Sunday, September 11, 2011

Two Great Americans

On this tenth anniversary of the most terrible day in our nation’s recent history, lots of people are reflecting on patriotic themes, mourning our losses, and expressing gratitude for our blessings. Many turn their thoughts to heroic figures, both famous and nameless. I haven’t shared anything on this topic because I prefer to handle it with solitary contemplation, but I’d now like to write about two remarkable men Celeste and I had the honor of seeing yesterday.

My employer, the Air Force Reserve’s 419th Fighter Wing, held its annual family picnic yesterday. It’s a way of giving thanks to our spouses, kids, parents, and friends for their great sacrifices and support. This year, we enjoyed a special treat: country-western star Neal McCoy and his band came to Hill Air Force Base and put on a concert for us.

The quintessential entertainer
I’ve seen a lot of live shows from all kinds of performers, but Neal was hands-down the most entertaining of them all. If you want to see how showmanship is done, go see him, preferably in a small, intimate setting like what we had. He didn’t just sing, he entertained the crowd from the minute he stepped on stage until the minute he left. He performed several of his old hits, including “Wink,” “No Doubt About It,” and “The City Put the Country Back in Me,” plus a brand new song that’s soon to be released on his upcoming album, and even a hip-hop remix of the Beverly Hillbillies theme song. (You’ll just have to trust me that this one was a lot of fun.) I’m not a big country music fan, but as of yesterday, I’m a new Neal McCoy fan.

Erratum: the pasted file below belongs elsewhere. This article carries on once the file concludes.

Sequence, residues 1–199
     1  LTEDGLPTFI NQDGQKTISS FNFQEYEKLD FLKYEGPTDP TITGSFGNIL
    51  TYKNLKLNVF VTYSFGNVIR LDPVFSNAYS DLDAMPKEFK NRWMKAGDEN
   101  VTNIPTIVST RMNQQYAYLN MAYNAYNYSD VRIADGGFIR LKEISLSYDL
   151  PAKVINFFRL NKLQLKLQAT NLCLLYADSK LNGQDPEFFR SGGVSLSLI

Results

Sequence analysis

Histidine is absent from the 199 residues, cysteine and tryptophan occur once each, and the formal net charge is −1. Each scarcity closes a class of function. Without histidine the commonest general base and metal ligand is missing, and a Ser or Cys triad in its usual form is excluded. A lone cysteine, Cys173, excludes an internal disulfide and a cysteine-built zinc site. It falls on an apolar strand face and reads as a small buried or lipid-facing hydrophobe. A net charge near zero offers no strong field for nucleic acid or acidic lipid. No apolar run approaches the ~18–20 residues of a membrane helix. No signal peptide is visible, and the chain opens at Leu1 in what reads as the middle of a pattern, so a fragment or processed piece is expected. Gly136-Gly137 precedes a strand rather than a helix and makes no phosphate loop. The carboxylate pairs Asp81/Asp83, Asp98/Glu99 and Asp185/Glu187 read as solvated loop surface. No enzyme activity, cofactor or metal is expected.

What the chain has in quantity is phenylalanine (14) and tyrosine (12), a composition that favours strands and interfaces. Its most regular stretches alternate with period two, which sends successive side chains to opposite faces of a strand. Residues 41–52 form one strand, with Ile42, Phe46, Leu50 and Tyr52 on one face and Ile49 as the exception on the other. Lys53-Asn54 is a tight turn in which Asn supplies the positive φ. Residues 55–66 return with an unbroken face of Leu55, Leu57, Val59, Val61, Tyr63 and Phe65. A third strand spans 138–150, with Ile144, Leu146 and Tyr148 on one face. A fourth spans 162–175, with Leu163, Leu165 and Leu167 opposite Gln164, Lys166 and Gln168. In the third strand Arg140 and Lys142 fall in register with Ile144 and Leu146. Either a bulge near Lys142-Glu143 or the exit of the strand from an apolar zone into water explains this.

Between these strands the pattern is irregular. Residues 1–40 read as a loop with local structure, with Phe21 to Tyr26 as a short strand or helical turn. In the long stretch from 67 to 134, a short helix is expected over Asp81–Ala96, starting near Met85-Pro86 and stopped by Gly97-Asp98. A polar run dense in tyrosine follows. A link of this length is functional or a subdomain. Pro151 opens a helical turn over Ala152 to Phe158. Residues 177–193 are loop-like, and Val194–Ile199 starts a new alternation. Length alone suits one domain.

Halvorsen in 1948
Later that evening, we went to the base chapel to hear retired Colonel Gail Halvorsen speak. Gail is the pilot who got the idea to drop chocolate bars and gum with tiny parachutes to children on the ground during the Berlin airlift, earning him the nickname “Berlin candy bomber.”

He gave us a beautiful speech that was equal parts historical narrative and religious sermon, both entertaining and inspiring. His physical vigor belies his age of 90 years, and his mind likewise remains very sharp. Decades after he deserved to enter a relaxing retirement, he still travels extensively, sharing his story with people around the world, especially youth and military audiences.

Not the best picture of me or Celeste, but Gail looks great

After Gail's remarks, we got to chat face to face with him, and we even got a picture. This is a wonderful man, a true American hero, and the best speaker I’ve heard lately.

Far from feeling somber on this anniversary, we feel privileged to have heard from these two great Americans.

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